When we leave the EU, we will be in a stronger position to trade with the rest of the worldby / October 20, 2016 / Leave a comment
The European Union referendum, held on 23rd June, was by far the most intense election in British history. Both sides in the campaign made extravagant claims, which were fiercely contested by the other side. Vote Leave’s suggestion of an extra £350m every week for the NHS, as a consequence of “taking back our money,” has been the object of particular scorn and anger from the Remain side. Similarly, the “punishment budget,” which advocated Neville Chamberlain style fiscal retrenchment, aroused anger and incredulity on the other side.
But, despite the passionate debate, we can be reasonably confident that some accommodation will be reached.
The EU is currently Britain’s greatest trading partner, accounting for some 44 per cent of British exports. The UK constitutes a sixth of the EU’s GDP. Everyone understands that it would be counterproductive for the EU to wage a trade war with a country which represents 16 per cent of the GDP of the EU. Britain is also the second biggest net contributor to the EU’s budget, while London is its financial centre, where 80 per cent of EU sovereign debt is raised. The economies of both the EU and Britain are mutually supporting. Talk of trade wars, embargoes and tariff walls is simply hysterical, and unhelpful.
So far, however, the economic indicators as to the consequences of the Brexit vote have been mixed. The pound has depreciated considerably. Yet the recession which was predicted to take place in 2016 by a majority of City economists has so far not materialised. It may well be that exports are boosted by a more competitive pound, but the overall effects of the Brexit vote will take months, if not years, to be understood.
Membership of the single market is now an object of wide discussion.
The single market itself is not a binary proposition. A country can have access to it, without actually being a member.
Indeed, a number of countries have successfully exported to the single market without themselves being members of it. The United States, Russia, New Zealand and, above all, China, have seen their exports to the single market grow faster than Britain’s exports to the same market.
It is often forgotten to what extent the single market is a synonym for the eurozone. With British membership, 77 per cent of the single market, in terms of GDP, is represented by members of the eurozone. If Britain were to leave the single market, this proportion would rise to about 88 per cent (2015 GDP figures). Britain leaving the single market could be seen as simply a logical extension of Britain’s refusal to adopt the single currency.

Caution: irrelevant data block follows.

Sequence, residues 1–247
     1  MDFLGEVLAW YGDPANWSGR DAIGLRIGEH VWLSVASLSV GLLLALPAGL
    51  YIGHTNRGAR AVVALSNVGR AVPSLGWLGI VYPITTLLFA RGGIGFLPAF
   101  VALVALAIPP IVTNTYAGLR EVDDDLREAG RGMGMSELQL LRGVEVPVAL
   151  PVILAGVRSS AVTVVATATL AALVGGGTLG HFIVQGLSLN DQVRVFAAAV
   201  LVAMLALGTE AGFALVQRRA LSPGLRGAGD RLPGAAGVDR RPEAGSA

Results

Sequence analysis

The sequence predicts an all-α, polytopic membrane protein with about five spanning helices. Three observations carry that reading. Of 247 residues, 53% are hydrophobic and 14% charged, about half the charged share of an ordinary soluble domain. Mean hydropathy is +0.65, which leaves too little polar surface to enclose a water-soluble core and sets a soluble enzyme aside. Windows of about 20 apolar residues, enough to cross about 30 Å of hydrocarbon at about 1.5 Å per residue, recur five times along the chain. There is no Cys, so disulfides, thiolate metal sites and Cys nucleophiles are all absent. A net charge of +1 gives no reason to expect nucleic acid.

In the arc of history, Britain’s decision not to enter the eurozone could be seen as more significant than a British departure from the single market.
The single market is also part of the European customs union, which is a trade block enabling countries to trade amongst themselves without barriers. The corollary of such a union, however, is that it imposes a common external tariff on all goods entering the union from outside.
Let’s be clear. A customs union is a fancy phrase for protectionism. The argument about membership of the single market is always couched in terms of the producer interests—manufacturers, big banks and, to a lesser extent, famers—with the interests of the consumer almost entirely forgotten. The benefits for the consumer of leaving the single market are palpable. All sorts of goods from around the world would be cheaper for British households if that external tariff applied by the customs union is removed. Australian wine, for example, would be 25 per cent cheaper.
Producers naturally extol the virtues of the single market. For 40 years they have benefitted from the tariff arrangements made by our European partners. Leaving the single market and the customs union would make adjustments for them necessary.
We have had many of these debates before. By repealing the Corn Laws in 1846, Sir Robert Peel put himself against powerful producer interests of his day. The big agriculturalists and landowners made very similar arguments to those champions of the single market today. They said that jobs would be lost if tariffs on corn were removed. Disraeli suggested that three to four million jobs would be lost in agriculture. This isn’t that different from Nick Clegg’s claim that three million jobs would be lost if we were to leave the EU. Of course, we know that the Corn Laws were repealed and, by 1852, Disraeli said that “protectionism was not only dead, but damned.”
There is no doubt that some transitional costs may be incurred in moving from one tariff regime, represented by the customs union, to another. We can be confident, however, that an equilibrium will be reached in a relatively short time. Britain will then be in an even stronger position to trade successfully with the rest of the world.